Another important feature of the new WiFi 6 is that, unlike the WiFi 5 or 802.11 ac, the new standard can operate on both the frequency of 2.4 GHz and the 5 GHz. The current WiFi 5 can do it too but in reality, it gets ” taking ” the 2.4 GHz band of the 802.11 a protocol.
Better management of several devices at the same time
At home, it is usual that we have connected to the WiFi network not only smartphones, consoles or televisions, but increasingly, different gadgets and devices that require and need network or Internet connections. From refrigerators to thermostats or loudspeakers with virtual assistants.
ODFMA is a technology that increases the amount of data that can be sent and received simultaneously with WiFi 6
The technology that will significantly improve these conditions of use is OFDMA (Orthogonal Frequency-Division Multiple Access). Thanks to it, WiFi 6 networks offer lower latency when there are many devices that want to access the router.
In a simple way, until now, when a router sent information to a device, it made use of the entire bandwidth of the channel, regardless of the type of data or the amount of information that needed to be transmitted. With OFDMA technology, these channels can be subdivided in turn to offer access to different clients or devices, thus achieving that desired lower latency and better efficiency of the WiFi network when there are many devices that want to use it.
Another technology such as MU-MIMO, already used in previous standards, becomes essential in WiFi 6 to achieve consistency in the flow of data to many users. Now it is also bidirectional, counting on Downlink and Uplink of multiple users. The upload mode of multiple users is exclusive of the new standard and did not exist in any of the previous ones.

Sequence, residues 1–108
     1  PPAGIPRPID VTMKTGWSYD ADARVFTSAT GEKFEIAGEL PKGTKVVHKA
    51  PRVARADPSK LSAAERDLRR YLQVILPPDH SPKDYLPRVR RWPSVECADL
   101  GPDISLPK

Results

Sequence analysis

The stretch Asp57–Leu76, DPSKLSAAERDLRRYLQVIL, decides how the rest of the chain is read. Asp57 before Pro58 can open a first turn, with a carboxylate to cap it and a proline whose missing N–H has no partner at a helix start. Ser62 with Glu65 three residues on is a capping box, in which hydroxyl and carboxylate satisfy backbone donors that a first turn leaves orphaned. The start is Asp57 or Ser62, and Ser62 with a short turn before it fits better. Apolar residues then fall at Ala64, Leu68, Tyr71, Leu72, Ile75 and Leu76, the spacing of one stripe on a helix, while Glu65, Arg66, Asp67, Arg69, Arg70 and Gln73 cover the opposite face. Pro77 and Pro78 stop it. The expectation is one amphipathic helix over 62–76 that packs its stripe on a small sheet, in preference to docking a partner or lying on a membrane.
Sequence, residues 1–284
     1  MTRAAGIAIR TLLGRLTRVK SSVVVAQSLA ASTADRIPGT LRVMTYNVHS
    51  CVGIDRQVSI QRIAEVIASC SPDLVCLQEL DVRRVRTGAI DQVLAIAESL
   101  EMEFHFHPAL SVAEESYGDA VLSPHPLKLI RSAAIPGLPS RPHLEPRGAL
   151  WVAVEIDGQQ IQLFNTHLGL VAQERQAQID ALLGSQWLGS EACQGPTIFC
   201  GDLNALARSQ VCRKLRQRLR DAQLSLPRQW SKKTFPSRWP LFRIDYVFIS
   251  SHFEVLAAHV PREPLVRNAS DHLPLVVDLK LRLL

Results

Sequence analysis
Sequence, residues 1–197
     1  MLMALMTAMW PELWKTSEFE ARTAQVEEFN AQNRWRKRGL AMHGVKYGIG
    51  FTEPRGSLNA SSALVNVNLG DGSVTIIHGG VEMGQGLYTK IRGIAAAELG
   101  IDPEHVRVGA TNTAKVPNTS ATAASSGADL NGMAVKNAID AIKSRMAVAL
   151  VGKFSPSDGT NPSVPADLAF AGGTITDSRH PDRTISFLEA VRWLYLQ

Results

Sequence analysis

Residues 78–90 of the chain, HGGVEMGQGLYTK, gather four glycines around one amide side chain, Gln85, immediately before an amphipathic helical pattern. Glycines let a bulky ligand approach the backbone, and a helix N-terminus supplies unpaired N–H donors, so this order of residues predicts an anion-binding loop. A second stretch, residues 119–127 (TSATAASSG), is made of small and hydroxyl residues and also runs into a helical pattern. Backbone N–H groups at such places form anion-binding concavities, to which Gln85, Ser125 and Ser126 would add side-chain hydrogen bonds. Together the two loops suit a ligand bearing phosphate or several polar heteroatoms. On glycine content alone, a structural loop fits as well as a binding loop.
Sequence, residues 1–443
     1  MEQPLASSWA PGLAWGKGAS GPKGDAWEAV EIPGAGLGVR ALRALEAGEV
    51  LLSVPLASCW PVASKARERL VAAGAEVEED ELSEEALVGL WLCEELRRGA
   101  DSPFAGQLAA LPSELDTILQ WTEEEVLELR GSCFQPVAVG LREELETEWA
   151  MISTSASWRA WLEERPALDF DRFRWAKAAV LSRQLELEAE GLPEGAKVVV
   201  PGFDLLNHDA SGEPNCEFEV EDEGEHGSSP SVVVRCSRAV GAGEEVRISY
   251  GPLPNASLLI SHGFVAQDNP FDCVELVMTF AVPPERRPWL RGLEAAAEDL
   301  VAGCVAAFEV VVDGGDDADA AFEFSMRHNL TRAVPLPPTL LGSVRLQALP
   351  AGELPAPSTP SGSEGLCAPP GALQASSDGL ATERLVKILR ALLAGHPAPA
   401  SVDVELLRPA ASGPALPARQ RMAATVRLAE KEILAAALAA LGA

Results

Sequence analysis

In environments with the high density of devices and connections, reducing the interferences that make the efficiency of the data flow reduced has also been taken into account in the Wifi standard 6. For those situations, a very curious technique has been used: BSS coloration.
Its operation is very intuitive and the name is not accidental. What happens with this spatial reuse technique is that in a multi red location, different colors are assigned to each network so that their identification is easier. Thus, when the access points detect an 802.11ax frame, they check the color bit of the BSS and make decisions to avoid interference.
Less consumption for connected devices
The third pillar on which WiFi 6 is built is one of the most important since it affects the autonomy of the devices that are going to be connected to the wireless network. The Target Wake Time (TWT) technology is in charge of this improvement.
With WiFi 6, instead of having the devices connecting and shutting down every certain fixed time in search of transmissions from the access point, there is a negotiation to set in advance specific times to access the communication channel, knowing at all times the expected duration of the activities of the network.
With this operation, the devices can be kept in sleep mode (and save energy) until their fixed and negotiated time arrives.